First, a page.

A good day. Not too much writing, although was able to put some important ideas down throughout the Jonah outline. I am currently typing with my wrists and arms on p.12-13 of Jouon-Muraoka; was looking for 19th century Hebrew grammars to consult. The main work for today was mapping out event sequences in Jonah. I worked out a sketch for the whole novella, dividing it into two sequences. For the first, I worked out one in detail (the storm at sea scene), and this evening got a great deal of a second sketched out (Yahweh calling Jonah; Jonah fleeing). This has been hugely helpful, and I feel inspired and optimistic about saying some good things. I have been anxious about writing about plot, with the heresy of paraphrase and all looming over my head. I am basing my schemes on Bremond, and am really glad for it. Before, I was sticking to Barthes (“Structural Analysis”), but wasn’t inspired. Making the diagrams is a challenge. I downloaded LibreOffice so I could use LibreOffice Draw (had no MS Office alternative on my PC). It works great!  I miss open source…but I can’t let myself get distracted by Linux and all that right now.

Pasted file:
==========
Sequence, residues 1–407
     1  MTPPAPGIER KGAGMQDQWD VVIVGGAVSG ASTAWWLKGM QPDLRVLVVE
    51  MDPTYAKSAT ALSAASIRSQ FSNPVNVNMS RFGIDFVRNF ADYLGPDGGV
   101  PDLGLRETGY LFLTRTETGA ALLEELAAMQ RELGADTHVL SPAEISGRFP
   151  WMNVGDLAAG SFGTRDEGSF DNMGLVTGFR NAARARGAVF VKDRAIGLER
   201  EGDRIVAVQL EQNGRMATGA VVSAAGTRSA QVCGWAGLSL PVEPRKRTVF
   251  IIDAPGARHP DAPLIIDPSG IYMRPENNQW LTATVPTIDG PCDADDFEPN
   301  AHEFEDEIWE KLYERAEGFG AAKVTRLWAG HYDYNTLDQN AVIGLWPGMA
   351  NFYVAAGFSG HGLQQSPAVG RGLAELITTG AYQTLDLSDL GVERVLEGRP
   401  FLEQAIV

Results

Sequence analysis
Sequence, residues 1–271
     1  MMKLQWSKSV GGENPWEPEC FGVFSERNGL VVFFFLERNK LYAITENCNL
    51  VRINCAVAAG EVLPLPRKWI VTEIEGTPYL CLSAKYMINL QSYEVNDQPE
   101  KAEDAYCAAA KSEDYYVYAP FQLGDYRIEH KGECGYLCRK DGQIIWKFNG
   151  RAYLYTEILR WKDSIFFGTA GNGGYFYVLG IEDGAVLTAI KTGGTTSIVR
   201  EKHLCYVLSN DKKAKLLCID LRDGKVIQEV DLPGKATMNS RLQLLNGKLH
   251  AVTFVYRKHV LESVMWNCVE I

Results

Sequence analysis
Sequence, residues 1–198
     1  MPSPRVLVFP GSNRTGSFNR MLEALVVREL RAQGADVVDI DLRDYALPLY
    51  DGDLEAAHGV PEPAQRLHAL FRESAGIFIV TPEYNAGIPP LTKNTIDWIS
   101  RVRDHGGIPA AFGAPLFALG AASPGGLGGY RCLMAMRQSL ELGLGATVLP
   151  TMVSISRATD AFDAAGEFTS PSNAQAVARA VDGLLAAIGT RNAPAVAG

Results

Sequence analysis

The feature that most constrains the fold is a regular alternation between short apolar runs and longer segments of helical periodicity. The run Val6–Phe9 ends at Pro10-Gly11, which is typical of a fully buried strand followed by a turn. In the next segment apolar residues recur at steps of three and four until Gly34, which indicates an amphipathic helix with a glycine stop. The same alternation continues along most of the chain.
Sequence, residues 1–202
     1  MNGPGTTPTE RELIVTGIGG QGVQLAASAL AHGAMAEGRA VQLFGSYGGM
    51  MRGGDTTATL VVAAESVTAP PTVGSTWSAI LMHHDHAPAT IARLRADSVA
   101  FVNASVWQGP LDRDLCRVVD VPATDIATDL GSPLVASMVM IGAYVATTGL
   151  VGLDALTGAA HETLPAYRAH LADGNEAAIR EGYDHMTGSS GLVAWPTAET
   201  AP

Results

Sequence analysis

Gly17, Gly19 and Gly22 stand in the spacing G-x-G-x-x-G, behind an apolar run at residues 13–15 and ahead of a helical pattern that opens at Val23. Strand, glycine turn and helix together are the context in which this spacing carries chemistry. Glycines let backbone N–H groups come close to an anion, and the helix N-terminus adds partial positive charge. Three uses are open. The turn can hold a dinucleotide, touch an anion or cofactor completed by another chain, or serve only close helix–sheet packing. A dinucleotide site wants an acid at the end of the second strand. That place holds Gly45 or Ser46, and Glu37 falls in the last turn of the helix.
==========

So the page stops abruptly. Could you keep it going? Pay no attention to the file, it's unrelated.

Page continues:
I worked at home for most of the morning, with a nice break midway through when I got a smoothie with Theresa on her way to work. Was feeling like getting away from the computer so I grabbed lunch and a coffee, and took my Bible and a notebook. Got some more work done after dinner, mostly on another schema and a philology trail. I’m feeling sore and stiff, and am hoping to get to the gym tomorrow. As I’m about to go to bed (its 11:25 PM), I’m feeling optimistic but tired.

Starting to plan a trip to Duke for research.